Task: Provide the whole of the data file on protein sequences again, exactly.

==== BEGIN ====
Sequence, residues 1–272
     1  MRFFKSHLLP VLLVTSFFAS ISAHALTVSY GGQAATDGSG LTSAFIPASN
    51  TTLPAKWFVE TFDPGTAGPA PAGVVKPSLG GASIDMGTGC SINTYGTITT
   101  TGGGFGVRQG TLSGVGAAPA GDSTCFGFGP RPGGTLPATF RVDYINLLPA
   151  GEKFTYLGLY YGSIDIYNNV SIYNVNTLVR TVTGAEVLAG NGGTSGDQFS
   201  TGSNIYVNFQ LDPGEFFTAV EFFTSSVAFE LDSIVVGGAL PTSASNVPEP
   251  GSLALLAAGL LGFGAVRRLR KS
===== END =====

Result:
Sequence, residues 1–272
     1  MRFFKSHLLP VLLVTSFFAS ISAHALTVSY GGQAATDGSG LTSAFIPASN
    51  TTLPAKWFVE TFDPGTAGPA PAGVVKPSLG GASIDMGTGC SINTYGTITT
   101  TGGGFGVRQG TLSGVGAAPA GDSTCFGFGP RPGGTLPATF RVDYINLLPA
   151  GEKFTYLGLY YGSIDIYNNV SIYNVNTLVR TVTGAEVLAG NGGTSGDQFS
   201  TGSNIYVNFQ LDPGEFFTAV EFFTSSVAFE LDSIVVGGAL PTSASNVPEP
   251  GSLALLAAGL LGFGAVRRLR KS